Search 15 million Welsh newspaper articles
15 articles on this Page
The Coming Fight.
The Coming Fight. Although suddenly bereft of a candidate at the -eleventh hour, the Liberal Party in the Boroughs will have no difficulty in securing a suitable cham- pion. Indeed, the only difficulty likely to con- front the Executive at its meeting on Tuesday is the choice of the best from amongst a number of excellent men. The names of several prominent local Liberals have, of course, found spontaneous mention, and no doubt a local gentleman will command favour. Handicapped by an unfortun- ate situation, the party is, nevertheless, confident of victory. On this occasion Liberals will be thoroughly united in the fight round a candidate of its own heart, which fact represents an immense -advantage over the adverse conditions experienced last January, when many Liberal votes were with- held from the support of a doubtful claimant. The party organisation will require little labour to bring it up to fighting trim, and this will be speedily accomplished after the selection of a candidate. The Tory canvasser is already active in the interests of Col. Pryce Jones, but the silence of County Tories indicates a walk-over for Mr. David Davies. Rumour is rife with the name of Mr. Sidney Heap, of Mellington Hall, but we hardly imagine the Tory party will take the field with a ■candidate less popular than Mr. Arthur Williams Wynn, whose overwhelming defeat enabled them to realise the invincibility of County Liberalism.
HOW THE NEWS WAS RECEIVED.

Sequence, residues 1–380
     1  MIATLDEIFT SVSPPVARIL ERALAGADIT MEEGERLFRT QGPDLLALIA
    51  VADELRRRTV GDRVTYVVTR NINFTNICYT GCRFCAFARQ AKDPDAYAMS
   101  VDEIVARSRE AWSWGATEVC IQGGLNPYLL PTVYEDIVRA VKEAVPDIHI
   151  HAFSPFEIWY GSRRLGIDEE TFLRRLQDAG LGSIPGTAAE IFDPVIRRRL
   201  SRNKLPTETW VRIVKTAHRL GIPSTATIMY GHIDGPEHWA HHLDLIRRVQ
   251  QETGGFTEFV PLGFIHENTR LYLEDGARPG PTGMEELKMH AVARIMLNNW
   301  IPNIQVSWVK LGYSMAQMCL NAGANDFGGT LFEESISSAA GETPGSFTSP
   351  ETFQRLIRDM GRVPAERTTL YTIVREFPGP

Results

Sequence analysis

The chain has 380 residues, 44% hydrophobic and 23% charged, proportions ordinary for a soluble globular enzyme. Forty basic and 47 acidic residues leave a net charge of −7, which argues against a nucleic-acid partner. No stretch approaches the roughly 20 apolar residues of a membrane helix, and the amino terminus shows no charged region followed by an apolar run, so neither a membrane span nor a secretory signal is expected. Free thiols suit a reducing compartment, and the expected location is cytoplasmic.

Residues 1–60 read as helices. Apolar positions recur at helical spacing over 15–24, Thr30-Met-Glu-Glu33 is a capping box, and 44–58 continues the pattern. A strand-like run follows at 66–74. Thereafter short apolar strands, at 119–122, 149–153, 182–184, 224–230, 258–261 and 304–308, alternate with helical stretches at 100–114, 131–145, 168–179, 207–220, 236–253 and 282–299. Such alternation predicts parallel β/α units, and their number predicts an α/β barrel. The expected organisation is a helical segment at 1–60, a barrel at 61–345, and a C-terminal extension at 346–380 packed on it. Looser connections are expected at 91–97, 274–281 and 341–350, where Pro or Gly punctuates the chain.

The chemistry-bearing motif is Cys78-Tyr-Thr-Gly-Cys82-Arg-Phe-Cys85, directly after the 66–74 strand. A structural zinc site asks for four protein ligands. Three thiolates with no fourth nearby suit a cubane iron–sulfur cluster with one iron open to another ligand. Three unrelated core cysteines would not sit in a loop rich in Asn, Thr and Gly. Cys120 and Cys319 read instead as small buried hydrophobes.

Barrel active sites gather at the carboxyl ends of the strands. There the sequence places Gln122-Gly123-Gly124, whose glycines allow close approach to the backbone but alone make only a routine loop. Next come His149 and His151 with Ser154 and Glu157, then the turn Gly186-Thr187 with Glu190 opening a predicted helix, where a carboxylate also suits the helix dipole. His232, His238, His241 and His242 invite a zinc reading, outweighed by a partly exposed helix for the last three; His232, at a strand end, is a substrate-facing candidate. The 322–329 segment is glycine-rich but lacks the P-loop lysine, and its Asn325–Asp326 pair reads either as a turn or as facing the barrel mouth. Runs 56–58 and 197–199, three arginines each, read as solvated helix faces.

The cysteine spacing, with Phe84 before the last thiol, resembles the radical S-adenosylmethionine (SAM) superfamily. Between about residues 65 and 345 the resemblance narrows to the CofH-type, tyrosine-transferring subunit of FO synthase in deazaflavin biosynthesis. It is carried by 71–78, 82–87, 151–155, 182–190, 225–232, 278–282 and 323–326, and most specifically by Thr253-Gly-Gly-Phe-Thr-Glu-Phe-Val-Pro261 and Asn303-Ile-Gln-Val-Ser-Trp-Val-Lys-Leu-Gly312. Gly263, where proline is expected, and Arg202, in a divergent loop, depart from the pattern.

HOW THE NEWS WAS RECEIVED. Correspondents in the six towns which consti- tute the Montgomery Boroughs" have sent us aooounts of how the tidings of the retirement of Sir J. D. Rees was received. It will be observed that at least one feeling wa3 general. LLANFYLLIN. The news of Sir John's resignation from the Liberal party did not come as a surprise to local Liberals, and the utmost satisfaction is felt that this step has now been taken. Your readers will recollect that Mr Rees at the last election, when he visited Llanfyllin in support of his candidature, met with rather an hostile reception, and was questioned rather severely upon several of his speeches in the House. It was only by strong pressure put upon them by the local Liberal leaders that several supporters were got to vote for him. It is quite an open secret here that if he had been selected as candidate for the forth- coming election he would not have had the united support of the Liberals, more particularly the members of the Young Liberal League. LLANIDLOES. The news of the resignation of Sir J. D. Rees was greeted with feelings of surprise and satis- faction by the Llanidloes Radicals. Small groups of leading Radicals discussed the matter en the streets, but with smiling and not dis- appointed countenances. The townspeople en- tered heartily into the discussion, and the photos of the Borough Member were immediately -removed from the place of honour in the homes of the people. Interviewed subsequently the chief Radicals expressed their complete satis- faction at the turn of affairs. Sir John did not represent the Llanidloes Radicals. His views were not theirs, and his action did not translate them. They could now, although the time was short, look round for a good man with strong views, who would back up, and not hinder, the action of the party leaders in Parliament. The ehoice of a local man was very much favoured. They felt that the time was too short for a stranger to become acquainted with the electorate, and, moreover, that a strong local man would put the issue beyond doubt. NEWTOWN. There was only one word to describe the faces of the Liberals when they heard of Sir J.D's aarrgnder—beaming. Everyone of the liberal caste, beamed with satisfaction for they foresaw rooks ahead if their present member clung to his ..stituency. Some rather ungenerous remarks were made, but the majority agreed that he had taken the honourable course. Sir John Rees was always admired in the boroughs, and many •f lus greatest admirer* were thoee who boasted 1t\u ribbons at election time, but he was never in the aeoeptable sense of the word—popular. The ceaeral feeling among Liberals at the news of tie ggeession wae-H for this relief, much thanks." Bvflcyone was unprepared for the tidings, but it all the mere aooeptable on that account. A great difficulty has been solved, for the borough member never satisfied the aspirations of Radical asonons in the progressive oamp, and his attitude te Labour and Labour questions has exasperated tke few constituents in the County who have aoeialgtic leanings. MICKYNLLETH. "J. D. Rees has resigned" was the greeting which nearly everybody met with as soon as the news reached the town, and it can be imagined what a shock it was to all whose sympathies are with the present Liberal administration. It came as a shock to put it as mild as possible. Some of the ardent supporters expressed themselves in language which even "Golfers" would shun, at the same time expressing also their regrets in losing a representative of such character and attainments. One well-known magistrate ex- pressed himself as being "flabbergasted" and ethers found words more convincing but less parliamentary. There can be no doubt but that the event has caused much disquietude and the fmture electoral events in the Boroughs are full of possibilities. Liberals and Conservatives alike admire Sir J. D. Rees, both for bis geniality and learning, and what is a loss for the one is a gain for the other, and there can be no question that whatever banner Sir John may adopt, he will be an asset well worth having. WELSHPOOL. H D. J." ON "J. D."—Last Saturday's "Man- chester Guardian" contained the following local interview with regard to the political sensatiou in the Montgomery Boroughs: "Mr. D. J. Jones, leader of the Liberals in the Borough of Welsh- pool, shed some interesting light on the relations of Sir John Rees and the party. I It is a good thing the resignation .has come,' he said. It will pave the way for a united front. Hitherto he had not done anything sufficiently bad to justify us in expelling him. It is always a difficult matter to kick a man out. At the last election we would have liked Mr. Humphreys-Owen to have fought the boroughs, but we could not kick Sir John Rees out. Moreover, I have a letter that I can show you which indicates that if we had not adopted him he would have forced a three-corner contest.' Asked what he thought of the terms of Sir John Rees letter of resignation and his attack on Mr. Lloyd George, Mr. Jones described it as most rep- rehensible, and remarked: When a man allows Mr. Lloyd George to visit the Boroughs, as he did at the last election, and raise that enthusiasm which was just sufficient to get him in, it is any- thing but gratitude to turn upon that gentleman and use such epithets MONTGOMERY. The news of Sir J. D. Rees* letter to Mr Hug Lewis, was received in .the County Tofrn a1 an early hour on Friday morning. Itsreceptionwas one of relief by tbo local Libwrals and of jubilation by the Tories. The latter tp-iing is due to the fact that Sir Jehu has succeeded better at Montgomery than Hay previous Liberal Caodidate. Liberals on the other liand feared that his views en present policies will not be found acceptable to the party in a contest where every effort will be needed and a candidate wholly and sincerely at one with the Government.